A: A comprehensive facility study showed that the least expensive approach is the proposed “Sloan site plan.” Maintaining the status quo by repairing and maintaining may seem cheaper, but required education, safety and security enhancements make the present campus untenable. When playing outside our children are mere feet away from traffic. New security features would require major structural changes. Although safe for occupancy, expensive methods must be used when renovating buildings with asbestos and mold issues. Students would have to be housed in temporary trailers that would occupy recreational and parking areas. Despite comments to the contrary, renovating is more expensive than building new. The recent Sloan bids showed the greatest variance from estimates were for the renovation, not the new building.

Q: What do you consider the most pressing issue facing the Franklin Regional School District, and what would you do to address it?

A: Franklin Regional will continue to see significant financial stress owing to the increases in pension costs (going from $2 million in 2012 to $10 million this year), cost of security upgrades; and the need to rehabilitate infrastructure.

The biggest challenge will be maintaining a board that is driven by data, not divisive campaign rhetoric. Since the project was introduced, two new board members were elected that were initially against the project. A third was appointed. All have reviewed the data and then voted in favor of the Sloan project.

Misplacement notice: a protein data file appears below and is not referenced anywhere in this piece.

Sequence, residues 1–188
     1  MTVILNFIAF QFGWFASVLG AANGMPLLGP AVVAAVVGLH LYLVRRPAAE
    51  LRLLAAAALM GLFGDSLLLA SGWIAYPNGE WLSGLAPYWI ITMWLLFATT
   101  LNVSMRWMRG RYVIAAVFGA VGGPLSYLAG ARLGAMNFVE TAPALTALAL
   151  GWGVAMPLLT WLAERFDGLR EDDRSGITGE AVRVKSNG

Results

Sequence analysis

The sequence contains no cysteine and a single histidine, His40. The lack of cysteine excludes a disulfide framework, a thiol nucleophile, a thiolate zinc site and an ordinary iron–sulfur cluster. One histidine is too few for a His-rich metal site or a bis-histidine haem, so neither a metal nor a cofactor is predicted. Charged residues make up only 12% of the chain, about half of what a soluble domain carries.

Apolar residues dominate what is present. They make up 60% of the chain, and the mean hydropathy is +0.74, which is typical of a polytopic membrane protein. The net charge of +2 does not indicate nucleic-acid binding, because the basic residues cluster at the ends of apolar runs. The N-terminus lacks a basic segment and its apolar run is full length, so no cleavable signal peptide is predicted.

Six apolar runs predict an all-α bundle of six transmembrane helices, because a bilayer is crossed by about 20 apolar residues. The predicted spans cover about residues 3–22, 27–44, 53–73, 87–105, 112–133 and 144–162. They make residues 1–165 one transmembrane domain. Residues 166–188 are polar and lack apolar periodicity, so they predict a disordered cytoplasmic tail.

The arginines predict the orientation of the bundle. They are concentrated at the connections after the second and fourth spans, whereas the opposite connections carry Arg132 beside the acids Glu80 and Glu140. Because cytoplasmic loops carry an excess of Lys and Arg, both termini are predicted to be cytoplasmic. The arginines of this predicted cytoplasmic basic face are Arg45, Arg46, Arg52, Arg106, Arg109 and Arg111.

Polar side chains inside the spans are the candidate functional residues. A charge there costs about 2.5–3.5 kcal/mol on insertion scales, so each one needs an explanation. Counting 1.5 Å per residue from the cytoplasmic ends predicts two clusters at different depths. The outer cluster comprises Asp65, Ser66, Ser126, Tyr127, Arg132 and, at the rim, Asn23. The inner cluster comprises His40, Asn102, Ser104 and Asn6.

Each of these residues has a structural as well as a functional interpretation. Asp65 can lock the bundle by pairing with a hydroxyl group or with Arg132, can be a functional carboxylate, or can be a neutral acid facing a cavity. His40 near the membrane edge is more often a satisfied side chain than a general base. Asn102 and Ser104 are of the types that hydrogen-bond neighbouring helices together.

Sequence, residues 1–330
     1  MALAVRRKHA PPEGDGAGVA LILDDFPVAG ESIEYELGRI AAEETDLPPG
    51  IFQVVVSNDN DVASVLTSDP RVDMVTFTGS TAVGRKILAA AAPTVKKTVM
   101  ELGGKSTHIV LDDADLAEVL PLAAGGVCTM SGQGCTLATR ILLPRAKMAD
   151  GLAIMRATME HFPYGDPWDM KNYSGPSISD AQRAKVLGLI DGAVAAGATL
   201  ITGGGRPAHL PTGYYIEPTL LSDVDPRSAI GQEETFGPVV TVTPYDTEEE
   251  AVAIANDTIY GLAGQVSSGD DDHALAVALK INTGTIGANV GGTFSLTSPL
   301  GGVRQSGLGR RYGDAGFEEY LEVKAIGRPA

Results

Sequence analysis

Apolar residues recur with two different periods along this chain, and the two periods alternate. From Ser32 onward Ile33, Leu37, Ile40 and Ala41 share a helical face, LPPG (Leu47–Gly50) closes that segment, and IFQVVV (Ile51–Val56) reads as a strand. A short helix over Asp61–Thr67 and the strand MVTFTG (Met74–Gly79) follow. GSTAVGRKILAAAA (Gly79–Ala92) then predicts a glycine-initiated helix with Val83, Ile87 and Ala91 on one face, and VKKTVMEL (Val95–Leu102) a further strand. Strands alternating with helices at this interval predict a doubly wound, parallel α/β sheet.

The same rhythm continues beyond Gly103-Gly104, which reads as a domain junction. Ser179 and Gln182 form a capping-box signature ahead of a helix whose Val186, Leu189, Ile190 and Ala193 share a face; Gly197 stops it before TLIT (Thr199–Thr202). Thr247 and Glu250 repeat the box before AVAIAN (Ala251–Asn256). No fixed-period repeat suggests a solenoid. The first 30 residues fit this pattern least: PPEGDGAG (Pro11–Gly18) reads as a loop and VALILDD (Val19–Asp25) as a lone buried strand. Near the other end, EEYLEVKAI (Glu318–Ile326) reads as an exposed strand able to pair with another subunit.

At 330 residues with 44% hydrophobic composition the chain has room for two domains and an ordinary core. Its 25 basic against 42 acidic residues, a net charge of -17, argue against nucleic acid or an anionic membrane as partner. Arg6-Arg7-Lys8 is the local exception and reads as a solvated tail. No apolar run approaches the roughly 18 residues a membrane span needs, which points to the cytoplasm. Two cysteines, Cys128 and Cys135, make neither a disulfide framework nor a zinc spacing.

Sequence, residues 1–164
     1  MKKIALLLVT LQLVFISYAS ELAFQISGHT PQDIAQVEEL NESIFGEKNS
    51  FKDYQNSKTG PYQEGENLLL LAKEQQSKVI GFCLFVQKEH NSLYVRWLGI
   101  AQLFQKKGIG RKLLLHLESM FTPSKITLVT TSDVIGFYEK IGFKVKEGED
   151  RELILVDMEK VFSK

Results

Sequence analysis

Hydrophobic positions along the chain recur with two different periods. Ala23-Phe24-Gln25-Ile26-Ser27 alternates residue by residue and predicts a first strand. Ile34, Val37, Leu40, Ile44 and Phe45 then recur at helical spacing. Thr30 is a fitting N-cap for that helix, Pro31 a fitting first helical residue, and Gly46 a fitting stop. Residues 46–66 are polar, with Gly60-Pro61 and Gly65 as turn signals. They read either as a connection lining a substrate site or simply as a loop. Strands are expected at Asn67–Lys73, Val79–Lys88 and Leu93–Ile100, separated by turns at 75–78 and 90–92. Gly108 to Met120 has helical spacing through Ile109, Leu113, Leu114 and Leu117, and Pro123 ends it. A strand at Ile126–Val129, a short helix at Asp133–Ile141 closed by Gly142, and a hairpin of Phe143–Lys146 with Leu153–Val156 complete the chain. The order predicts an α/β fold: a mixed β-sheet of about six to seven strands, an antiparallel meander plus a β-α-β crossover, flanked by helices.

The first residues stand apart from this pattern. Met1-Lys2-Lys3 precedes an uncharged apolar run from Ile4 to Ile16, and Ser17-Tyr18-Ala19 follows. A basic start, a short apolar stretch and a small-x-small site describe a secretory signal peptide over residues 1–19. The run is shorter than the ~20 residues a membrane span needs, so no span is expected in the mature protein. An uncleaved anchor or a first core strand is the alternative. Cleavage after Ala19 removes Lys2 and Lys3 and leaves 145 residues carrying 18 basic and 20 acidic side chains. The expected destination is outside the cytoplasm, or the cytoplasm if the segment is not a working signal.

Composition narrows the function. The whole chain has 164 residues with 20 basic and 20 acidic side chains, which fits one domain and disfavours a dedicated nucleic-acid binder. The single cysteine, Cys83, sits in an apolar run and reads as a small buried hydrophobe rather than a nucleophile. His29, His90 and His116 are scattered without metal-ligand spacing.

DENISE PODOWSKI

Age: 69

Employment: Worked for two sales/marketing companies in the CPG Industry, worked for a commercial real estate developer in the property management division; retired in 2014.

Education: Two years of community college

Party: Republican

Are you cross-filed: Yes

Q: The Sloan school project has garnered strong opinions on all sides. Do you support the Sloan project? If so, why/if not, why not?

A: I, along with my like-minded fellow candidates, are against the Sloan School project and here is why:

1) The need for this project has not been proven. Issues with preventative maintenance (or lack of) can be addressed.

2) Enrollment figures for FR show a decline of 8%; This trend follows the latest Census report of Westmoreland County’s population decrease of almost 15,000, which is the largest decrease in Pennsylvania.

3) FR’s debt, if this project comes to fruition, will be 2.9 times its annual budget.

4) I believe we can come up with a plan for enhanced and re-designed schools with the buildings we already have and keep the burden on Murrysville residents as minimal as possible. Any reasonable person would be accepting of this idea.